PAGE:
Thomas of Lancaster, 2nd Earl of Lancaster (1278–1322)

 

Henry of Lancaster, 3rd Earl of Lancaster (1281–1345)

 

 

 

 

 

 

 

 

 

 

 

 

 

 

 

 

 

 

 

 

 

 

 

DUKE OF LANCASTER, 1351

King Edward III (1312–r.1327–1377)

 

 

 

 

 

 

Henry of Grosmont, 4th Earl, 1st Duke of Lancaster (c.1310–1361)

 

 

 

 

 

 

 

 

 

 

 

 

 

 

 

 

 

 

 

 

 

 

 

 

 

DUKE OF LANCASTER, 1362

 

 

 

 

 

 

 

 

 

John of Gaunt, 5th Earl, 1st Duke of Lancaster (1340–1399)

 

Blanche of Lancaster (1345–1368)

 

 

 

 

 

 

 

 

 

 

 

 

 

 

 

 

 

 

 

Henry Bolingbroke, 6th Earl, 2nd Duke of Lancaster King Henry IV (1367–r.1399–1413)

 

 

 

 

 

 

 

 

 

 

 

 

 

 

 

 

 

DUKE OF LANCASTER, 1399

 

 

 

 

 

 

 

Henry of Monmouth, 1st Duke of Lancaster King Henry V (1386–r.1413–1422)

 

 

 

 

 

 

 

 

 

 

 

 

 

 

 

 

 

King Henry VI (1421–1471, r.1422–61, 1470–71)

See also[edit]

Earl of Lancaster

References[edit]

^ "Duchy of Lancaster". Duchy of Lancaster. Retrieved 15 December 2016.  ^ "Duchy of Lancaster". Lancaster Castle. Retrieved 15 December 2016.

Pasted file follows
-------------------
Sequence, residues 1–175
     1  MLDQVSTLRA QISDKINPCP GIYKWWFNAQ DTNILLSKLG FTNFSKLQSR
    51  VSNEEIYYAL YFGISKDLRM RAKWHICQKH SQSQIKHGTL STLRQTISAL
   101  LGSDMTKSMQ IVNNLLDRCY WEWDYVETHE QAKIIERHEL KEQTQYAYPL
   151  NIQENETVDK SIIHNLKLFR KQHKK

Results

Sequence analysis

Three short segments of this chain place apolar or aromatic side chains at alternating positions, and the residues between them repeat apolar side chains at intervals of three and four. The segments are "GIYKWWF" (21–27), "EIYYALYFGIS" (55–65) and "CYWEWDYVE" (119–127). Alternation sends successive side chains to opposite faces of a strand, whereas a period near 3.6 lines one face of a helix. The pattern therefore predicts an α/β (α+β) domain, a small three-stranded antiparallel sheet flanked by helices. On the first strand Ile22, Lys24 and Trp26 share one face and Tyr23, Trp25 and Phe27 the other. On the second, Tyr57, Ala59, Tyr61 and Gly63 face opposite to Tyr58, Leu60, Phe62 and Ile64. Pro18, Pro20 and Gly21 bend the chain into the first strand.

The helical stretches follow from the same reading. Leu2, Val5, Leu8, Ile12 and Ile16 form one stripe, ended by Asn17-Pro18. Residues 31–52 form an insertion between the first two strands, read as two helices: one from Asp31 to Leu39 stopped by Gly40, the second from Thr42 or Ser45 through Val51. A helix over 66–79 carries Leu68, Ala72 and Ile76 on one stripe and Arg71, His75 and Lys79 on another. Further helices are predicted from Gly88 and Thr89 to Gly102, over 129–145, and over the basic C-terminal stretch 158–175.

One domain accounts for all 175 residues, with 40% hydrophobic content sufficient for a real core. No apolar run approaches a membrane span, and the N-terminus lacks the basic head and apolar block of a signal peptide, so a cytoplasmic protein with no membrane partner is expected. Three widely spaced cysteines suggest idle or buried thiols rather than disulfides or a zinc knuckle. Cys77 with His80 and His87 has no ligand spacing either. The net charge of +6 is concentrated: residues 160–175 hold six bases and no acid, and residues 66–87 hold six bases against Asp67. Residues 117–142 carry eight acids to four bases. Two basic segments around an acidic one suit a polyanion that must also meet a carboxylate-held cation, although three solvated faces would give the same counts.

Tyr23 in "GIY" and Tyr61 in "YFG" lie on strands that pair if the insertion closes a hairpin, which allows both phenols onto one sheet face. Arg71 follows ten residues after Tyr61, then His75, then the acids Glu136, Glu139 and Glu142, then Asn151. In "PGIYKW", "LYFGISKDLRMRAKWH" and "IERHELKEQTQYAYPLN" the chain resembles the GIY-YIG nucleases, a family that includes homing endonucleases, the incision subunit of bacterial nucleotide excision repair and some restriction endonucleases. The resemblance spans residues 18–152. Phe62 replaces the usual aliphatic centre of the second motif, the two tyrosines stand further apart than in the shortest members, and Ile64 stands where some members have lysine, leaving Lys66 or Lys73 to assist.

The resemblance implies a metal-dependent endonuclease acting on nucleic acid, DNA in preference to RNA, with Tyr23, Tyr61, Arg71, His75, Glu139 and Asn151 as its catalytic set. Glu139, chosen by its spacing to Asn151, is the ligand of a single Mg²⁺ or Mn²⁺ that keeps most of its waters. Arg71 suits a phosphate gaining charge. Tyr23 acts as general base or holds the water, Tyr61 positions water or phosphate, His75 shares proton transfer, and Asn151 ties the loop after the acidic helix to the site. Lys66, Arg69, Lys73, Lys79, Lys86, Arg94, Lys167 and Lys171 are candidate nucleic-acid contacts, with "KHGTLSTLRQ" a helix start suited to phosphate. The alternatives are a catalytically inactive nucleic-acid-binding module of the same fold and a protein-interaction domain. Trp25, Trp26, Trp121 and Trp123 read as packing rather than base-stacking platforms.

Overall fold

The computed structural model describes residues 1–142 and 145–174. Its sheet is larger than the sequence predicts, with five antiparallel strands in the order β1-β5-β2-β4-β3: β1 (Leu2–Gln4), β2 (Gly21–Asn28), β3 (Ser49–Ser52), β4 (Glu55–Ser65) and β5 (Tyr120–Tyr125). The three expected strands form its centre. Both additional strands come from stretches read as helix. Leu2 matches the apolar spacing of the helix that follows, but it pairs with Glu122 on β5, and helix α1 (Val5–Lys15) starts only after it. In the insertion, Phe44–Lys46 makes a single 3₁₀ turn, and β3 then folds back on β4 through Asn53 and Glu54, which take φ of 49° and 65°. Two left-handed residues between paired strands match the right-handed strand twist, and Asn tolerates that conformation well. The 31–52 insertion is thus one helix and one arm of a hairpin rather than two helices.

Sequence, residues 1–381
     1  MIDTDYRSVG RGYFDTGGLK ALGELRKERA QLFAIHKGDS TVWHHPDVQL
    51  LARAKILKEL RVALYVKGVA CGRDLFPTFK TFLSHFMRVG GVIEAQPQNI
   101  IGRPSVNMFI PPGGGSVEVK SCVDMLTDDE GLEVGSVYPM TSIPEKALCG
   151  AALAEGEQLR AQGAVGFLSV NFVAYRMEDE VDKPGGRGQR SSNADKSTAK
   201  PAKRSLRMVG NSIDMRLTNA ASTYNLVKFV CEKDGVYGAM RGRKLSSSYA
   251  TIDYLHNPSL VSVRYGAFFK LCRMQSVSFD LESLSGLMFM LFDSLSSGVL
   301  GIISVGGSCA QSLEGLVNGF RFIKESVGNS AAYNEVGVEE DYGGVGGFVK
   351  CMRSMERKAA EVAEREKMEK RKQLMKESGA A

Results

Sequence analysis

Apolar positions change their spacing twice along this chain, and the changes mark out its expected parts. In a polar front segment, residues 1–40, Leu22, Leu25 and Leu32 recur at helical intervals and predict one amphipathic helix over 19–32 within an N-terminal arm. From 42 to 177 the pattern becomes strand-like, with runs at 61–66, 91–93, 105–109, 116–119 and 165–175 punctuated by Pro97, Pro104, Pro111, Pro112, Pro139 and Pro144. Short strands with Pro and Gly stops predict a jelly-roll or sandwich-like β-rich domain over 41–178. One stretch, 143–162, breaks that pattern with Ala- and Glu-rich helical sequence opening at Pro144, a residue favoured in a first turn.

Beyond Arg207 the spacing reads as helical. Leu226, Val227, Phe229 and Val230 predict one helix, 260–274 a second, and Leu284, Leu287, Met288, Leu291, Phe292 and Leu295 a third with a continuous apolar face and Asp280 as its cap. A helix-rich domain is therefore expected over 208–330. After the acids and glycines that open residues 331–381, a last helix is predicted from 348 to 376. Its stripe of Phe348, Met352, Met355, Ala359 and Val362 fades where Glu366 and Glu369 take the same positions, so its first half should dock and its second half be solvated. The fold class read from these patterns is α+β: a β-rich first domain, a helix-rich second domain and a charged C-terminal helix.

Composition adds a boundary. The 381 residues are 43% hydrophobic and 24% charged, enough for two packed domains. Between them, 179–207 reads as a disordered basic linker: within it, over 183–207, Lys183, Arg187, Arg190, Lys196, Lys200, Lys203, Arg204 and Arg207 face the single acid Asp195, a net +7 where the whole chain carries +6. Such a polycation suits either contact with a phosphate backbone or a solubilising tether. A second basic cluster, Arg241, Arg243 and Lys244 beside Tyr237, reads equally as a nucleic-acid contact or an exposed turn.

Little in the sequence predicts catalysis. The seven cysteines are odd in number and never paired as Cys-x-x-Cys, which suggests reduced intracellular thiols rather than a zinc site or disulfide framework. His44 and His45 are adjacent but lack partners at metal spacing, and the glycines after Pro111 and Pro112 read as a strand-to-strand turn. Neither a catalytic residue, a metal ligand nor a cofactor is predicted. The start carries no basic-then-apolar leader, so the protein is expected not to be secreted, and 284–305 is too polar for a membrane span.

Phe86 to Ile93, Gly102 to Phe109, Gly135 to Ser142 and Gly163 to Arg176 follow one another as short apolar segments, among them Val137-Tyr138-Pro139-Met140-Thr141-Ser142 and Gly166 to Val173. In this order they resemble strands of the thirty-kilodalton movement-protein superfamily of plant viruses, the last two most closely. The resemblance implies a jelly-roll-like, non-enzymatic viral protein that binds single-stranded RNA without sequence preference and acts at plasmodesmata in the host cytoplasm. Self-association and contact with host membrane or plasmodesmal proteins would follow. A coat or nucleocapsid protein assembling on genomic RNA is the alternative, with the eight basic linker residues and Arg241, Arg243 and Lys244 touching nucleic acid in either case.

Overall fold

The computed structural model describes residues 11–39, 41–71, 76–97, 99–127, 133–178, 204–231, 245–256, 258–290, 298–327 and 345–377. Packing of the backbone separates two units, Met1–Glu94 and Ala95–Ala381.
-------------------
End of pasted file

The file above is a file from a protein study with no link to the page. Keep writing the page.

External links[edit]

"Of the Countries Subject to the Laws of England," from Commentaries on the Laws of England, Introduction, chapter 4, by Sir William Blackstone, 1765 (see text following footnote 72)

v t e

Dukes of Lancaster

HM The Queen

Henry of Grosmont (1351–1361) John of Gaunt (1362–1399) Henry IV (1399) Henry V (1399–1413 – merged in crown)

v t e

British royal titles

Monarch

King/Queen of United Kingdom (consort), Duke of Lancaster
Duke of Lancaster
& Duke of Normandy

Heir

Wales

Prince and Princess

Cornwall

Duke and Duchess

Rothesay

Duke and Duchess

Current titles

Edinburgh

Duke and Duchess

Cambridge

Duke and Duchess

York

Duke and Duchess

Gloucester

Duke

Kent

Duke

Wessex

Earl

Princess Royal

Princess Royal

Vacant titles

Clarence

Duke

Connaught
Connaught
and Strathearn

Duke ( Connaught
Connaught
is not part of the United Kingdom, Strathearn
Strathearn
is currently an earldom held by the Duke of Cambridge)